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Expansion and Extinction: the Collapse of the Mammoth Steppe Fauna

Professor in Palaeozoology and Quaternary Biostratigraphy, Leiden University

 

More and more we become aware of the impact of climate change on our natural environment. The fossil record shows how extensive that impact can be. The woolly mammoth, the emperor of the animal kingdom, dominated the fauna of Eurasia for thousands of years, but the territory of the species shrunk dramatically; rather recently the woolly mammoth, together with for example the woolly rhinoceros and the giant deer, became extinct. Other species flourished due to the latest changes in climate and expanded their territories to more northern latitudes of Eurasia; a dynamic, fascinating process of contraction and expansion that is driven by climate change. Humans followed their own track, expanding to the east and crossing Beringia on their way to the America’s.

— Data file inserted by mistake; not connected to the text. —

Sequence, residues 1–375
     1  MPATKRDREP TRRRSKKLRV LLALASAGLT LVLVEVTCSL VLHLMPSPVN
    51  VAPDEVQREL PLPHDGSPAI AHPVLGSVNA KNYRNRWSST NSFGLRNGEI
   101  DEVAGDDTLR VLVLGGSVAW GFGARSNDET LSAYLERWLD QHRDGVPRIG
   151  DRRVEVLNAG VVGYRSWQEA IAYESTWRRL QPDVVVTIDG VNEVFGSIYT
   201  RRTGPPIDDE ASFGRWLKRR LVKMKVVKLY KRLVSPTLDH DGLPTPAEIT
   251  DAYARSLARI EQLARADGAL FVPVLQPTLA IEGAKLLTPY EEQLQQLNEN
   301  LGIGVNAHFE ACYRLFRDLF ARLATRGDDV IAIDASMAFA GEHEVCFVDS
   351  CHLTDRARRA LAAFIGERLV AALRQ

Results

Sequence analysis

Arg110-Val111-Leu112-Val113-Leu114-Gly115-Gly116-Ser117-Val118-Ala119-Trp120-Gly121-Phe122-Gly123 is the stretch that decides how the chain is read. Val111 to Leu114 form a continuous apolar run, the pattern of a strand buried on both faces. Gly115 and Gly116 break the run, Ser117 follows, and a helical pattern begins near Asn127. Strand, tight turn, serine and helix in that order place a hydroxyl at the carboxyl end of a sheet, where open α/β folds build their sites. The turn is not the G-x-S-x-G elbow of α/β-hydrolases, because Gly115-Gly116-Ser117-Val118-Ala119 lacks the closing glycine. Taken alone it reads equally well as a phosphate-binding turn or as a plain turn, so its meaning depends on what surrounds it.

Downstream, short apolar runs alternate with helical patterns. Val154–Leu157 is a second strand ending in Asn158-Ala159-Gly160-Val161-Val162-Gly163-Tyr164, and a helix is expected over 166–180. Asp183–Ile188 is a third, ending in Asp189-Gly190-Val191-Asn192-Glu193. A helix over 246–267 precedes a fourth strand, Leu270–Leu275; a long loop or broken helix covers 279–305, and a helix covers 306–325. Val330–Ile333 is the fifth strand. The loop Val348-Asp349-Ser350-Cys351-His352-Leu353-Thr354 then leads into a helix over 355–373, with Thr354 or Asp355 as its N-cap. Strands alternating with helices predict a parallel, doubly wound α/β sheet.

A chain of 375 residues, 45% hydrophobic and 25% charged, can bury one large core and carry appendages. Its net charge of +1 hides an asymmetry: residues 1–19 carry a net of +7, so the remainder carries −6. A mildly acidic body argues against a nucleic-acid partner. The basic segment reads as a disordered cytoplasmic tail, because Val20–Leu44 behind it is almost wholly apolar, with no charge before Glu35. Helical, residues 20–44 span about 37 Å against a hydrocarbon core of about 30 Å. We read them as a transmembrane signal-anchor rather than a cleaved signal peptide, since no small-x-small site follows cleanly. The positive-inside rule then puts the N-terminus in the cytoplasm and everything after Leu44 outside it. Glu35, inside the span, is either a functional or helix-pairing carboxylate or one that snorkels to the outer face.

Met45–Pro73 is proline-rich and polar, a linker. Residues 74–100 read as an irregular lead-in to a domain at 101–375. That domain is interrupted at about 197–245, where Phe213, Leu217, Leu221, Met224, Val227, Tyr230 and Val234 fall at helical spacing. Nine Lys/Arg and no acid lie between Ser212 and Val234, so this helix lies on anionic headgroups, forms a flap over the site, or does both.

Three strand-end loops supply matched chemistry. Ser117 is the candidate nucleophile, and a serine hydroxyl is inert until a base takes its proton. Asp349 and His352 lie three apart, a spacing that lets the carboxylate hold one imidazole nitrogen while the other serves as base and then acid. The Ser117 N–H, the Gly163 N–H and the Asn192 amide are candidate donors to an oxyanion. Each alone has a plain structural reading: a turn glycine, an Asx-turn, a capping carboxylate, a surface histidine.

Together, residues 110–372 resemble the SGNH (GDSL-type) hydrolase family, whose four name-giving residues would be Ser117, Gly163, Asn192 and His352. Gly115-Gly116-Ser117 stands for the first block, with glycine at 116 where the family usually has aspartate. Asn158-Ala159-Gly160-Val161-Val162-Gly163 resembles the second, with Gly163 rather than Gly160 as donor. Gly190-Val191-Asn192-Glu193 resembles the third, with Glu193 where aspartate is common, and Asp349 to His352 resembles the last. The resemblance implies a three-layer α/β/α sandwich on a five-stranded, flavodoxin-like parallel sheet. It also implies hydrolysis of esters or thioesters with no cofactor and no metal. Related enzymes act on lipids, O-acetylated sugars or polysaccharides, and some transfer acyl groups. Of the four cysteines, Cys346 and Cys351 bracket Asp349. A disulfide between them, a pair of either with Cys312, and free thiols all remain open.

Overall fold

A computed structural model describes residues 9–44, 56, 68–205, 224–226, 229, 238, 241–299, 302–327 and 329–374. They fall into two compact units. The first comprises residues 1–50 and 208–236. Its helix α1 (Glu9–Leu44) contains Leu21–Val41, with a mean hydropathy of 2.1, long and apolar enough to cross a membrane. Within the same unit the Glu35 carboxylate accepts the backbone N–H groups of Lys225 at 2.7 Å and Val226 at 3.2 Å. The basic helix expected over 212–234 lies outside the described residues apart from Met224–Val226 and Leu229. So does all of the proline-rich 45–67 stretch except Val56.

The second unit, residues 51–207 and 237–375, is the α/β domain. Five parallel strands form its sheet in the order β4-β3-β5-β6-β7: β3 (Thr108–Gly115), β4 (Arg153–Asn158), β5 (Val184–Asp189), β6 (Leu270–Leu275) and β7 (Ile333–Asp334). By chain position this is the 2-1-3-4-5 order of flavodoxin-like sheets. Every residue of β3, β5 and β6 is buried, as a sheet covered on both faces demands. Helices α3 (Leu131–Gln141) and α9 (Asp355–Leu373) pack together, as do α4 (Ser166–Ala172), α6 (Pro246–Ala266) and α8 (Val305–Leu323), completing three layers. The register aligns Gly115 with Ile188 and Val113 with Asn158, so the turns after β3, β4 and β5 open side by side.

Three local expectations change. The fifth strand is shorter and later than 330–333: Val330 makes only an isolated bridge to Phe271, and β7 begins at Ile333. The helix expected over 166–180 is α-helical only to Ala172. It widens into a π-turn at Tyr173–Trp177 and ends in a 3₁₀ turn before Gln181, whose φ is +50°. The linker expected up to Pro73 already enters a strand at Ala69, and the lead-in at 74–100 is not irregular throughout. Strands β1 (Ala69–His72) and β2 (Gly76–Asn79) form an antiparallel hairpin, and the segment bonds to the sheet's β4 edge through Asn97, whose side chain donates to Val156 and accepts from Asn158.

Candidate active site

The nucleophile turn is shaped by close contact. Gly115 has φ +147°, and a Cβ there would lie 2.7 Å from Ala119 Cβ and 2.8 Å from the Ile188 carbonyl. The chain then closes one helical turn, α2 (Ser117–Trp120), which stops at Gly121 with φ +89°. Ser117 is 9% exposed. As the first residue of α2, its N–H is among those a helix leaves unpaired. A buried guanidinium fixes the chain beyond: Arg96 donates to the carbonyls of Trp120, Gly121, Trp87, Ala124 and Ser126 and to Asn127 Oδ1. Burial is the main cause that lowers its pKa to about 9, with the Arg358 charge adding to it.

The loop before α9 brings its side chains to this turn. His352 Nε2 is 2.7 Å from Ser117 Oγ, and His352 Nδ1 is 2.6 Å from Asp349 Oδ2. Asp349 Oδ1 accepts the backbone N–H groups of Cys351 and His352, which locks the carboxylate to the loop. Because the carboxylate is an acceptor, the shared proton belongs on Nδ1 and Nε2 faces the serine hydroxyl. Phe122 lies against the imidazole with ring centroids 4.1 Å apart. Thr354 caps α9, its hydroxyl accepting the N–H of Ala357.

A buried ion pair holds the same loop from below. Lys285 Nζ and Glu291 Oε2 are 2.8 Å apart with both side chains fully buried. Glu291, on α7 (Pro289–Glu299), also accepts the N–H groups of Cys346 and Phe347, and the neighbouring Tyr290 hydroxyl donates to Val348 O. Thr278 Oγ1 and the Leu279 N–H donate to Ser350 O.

Thijs van Kolfschoten is Professor in Palaeozoology and Quaternary Biostratigraphy at the Faculty of Archaeology at the Leiden University. His research focuses on continental deposits Early Pleistocene - early Holocene in age.